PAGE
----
Ultimately, this data model is more valuable when tracking the user journey. Events such as session starts, clicks, scrolls, downloads etc. are all front and center in GA4.
Measuring Bounce Rate vs. Engagement Rate
Another key measurement from Universal Analytics that will become less important during the roll out of GA4 is bounce rate. As a reminder, bounce rate is the percentage of sessions that end without any interaction on a page.
While this metric is important, if you’re only measuring bounce rate, you’re ignoring the valuable information of how users are interacting with your website.
Instead, GA4 emphasizes engagement rate, the percentage of sessions lasting longer than 10 seconds, has 2 page views, or has a conversion event.
In short, bounce rate is the inverse of engagement rate.
This data is so much more useful for marketers who want to optimize website pages for SEO using data.
GA4 migration Timeline
While GA4 has been available since October 2020, many marketers have yet to make the switch. It's time to take action.
Add the GA4 property to your website alongside Universal Analytics as soon as possible. This will allow you to collect data in both platforms until July 1, 2023 when UA stops processing data. This is especially valuable for marketers who are familiar with Universal Analytics and will need time to adjust to the new platform. This also gives your company several months of data history in GA4.
After the July deadline, the next date to remember is January 1, 2024. This is when all Universal Analytics data will be deleted. All data can be exported before this deadline.
The good news is Google makes setting up GA4 simple. There’s no need to add any new code to your website if you’re already using Universal Analytics. Google released this simple GA4 set-up guide to make the transition as smooth as possible. Once GA4 is set up, there is an additional Set Up Assistant in the admin tab that will help you make sure your account is enabling all the new GA4 features.
If you're setting up analytics for a CMS-hosted website like HubSpot or Wordpress for the first time, use this guide.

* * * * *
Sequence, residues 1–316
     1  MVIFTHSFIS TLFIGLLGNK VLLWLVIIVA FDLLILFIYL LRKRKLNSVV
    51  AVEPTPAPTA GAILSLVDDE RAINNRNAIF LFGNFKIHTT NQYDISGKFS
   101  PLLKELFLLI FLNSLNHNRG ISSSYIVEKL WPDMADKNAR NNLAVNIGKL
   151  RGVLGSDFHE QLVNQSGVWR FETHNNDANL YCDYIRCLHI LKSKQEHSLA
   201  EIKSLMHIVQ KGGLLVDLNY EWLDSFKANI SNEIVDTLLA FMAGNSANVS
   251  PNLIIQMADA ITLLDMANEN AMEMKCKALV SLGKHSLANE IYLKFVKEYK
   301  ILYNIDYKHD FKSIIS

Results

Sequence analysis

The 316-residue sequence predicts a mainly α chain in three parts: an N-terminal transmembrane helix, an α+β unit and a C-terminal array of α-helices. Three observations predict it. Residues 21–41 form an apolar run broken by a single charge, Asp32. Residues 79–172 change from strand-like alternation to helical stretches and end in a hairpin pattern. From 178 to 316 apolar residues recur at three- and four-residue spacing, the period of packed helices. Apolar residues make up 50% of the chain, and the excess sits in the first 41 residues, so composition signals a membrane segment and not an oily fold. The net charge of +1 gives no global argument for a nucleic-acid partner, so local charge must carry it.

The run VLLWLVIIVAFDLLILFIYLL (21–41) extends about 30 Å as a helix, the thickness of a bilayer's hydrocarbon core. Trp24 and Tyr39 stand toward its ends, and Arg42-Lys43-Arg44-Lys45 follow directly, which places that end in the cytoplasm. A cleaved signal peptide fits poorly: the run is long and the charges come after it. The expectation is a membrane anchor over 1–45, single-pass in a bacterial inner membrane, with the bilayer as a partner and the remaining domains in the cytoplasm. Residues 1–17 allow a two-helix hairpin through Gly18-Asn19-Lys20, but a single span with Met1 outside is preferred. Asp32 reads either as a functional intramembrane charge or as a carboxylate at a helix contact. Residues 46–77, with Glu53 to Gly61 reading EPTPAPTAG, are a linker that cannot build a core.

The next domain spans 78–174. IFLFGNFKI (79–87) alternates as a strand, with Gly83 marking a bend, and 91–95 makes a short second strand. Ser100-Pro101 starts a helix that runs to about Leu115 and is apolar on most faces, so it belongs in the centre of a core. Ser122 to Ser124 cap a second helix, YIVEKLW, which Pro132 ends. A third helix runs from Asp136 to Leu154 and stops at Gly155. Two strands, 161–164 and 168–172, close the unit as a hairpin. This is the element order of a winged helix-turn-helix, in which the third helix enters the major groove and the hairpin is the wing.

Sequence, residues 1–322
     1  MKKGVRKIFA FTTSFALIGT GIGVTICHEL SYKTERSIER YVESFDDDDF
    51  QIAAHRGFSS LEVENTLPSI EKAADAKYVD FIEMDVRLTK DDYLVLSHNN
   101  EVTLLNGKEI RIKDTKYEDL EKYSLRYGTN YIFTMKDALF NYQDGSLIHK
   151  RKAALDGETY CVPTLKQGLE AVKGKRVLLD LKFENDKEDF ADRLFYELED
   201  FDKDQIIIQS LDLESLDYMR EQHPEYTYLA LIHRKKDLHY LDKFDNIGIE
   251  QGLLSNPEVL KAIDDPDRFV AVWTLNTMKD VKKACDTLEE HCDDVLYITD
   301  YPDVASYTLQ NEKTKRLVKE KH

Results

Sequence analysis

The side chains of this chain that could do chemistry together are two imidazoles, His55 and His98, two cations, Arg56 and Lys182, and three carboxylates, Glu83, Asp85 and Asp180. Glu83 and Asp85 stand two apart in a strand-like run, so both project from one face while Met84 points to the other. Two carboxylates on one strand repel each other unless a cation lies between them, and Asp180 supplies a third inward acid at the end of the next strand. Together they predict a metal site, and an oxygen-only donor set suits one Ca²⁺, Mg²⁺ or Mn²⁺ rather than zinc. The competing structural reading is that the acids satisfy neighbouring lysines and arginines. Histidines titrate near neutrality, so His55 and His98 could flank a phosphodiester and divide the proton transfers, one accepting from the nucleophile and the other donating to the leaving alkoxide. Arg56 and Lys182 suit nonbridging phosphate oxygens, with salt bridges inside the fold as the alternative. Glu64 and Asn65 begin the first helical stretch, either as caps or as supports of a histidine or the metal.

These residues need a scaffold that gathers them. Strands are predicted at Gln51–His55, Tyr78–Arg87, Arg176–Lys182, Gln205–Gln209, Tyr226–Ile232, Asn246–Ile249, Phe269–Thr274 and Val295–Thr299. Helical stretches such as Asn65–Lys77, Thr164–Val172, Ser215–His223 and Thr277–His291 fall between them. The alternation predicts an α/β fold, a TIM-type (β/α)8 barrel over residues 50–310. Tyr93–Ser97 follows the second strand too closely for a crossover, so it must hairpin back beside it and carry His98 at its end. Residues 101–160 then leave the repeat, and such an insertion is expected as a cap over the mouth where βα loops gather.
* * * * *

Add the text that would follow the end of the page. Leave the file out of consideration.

Next Steps with TREW Marketing
Take your analytics journey a step further by registering for our upcoming webinar Measuring Marketing Success with GA4. You'll learn:
- The differences between Universal Analytics and GA4
- The benefits of GA4
- How to navigate GA4
- How to create custom reports and visual dashboards
TREW is a marketing agency dedicated to reaching engineering and technical audiences through a range of marketing initiatives. Contact us today to learn more about the services we offer.
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Kasey is a passionate inbound strategist focused on optimizing content and web strategy to attract valuable and ready-to-convert traffic to our clients' websites. Kasey's expertise is in content writing and strategy. Everything from blog articles, email sequences and social media copy is carefully and strategically crafted for audiences to get their most-asked questions answered and take action. Kasey enjoys thinking outside the box for product launches, and new go-to-markets to gain the greatest impact.
TREW Marketing is a strategy-first content marketing agency serving B2B companies that target highly technical buyers. With deep experience in the design, embedded, measurement and automation, and software industries, TREW Marketing provides branding, marketing strategy, content development, and digital marketing services to help customers efficiently and effectively achieve business goals.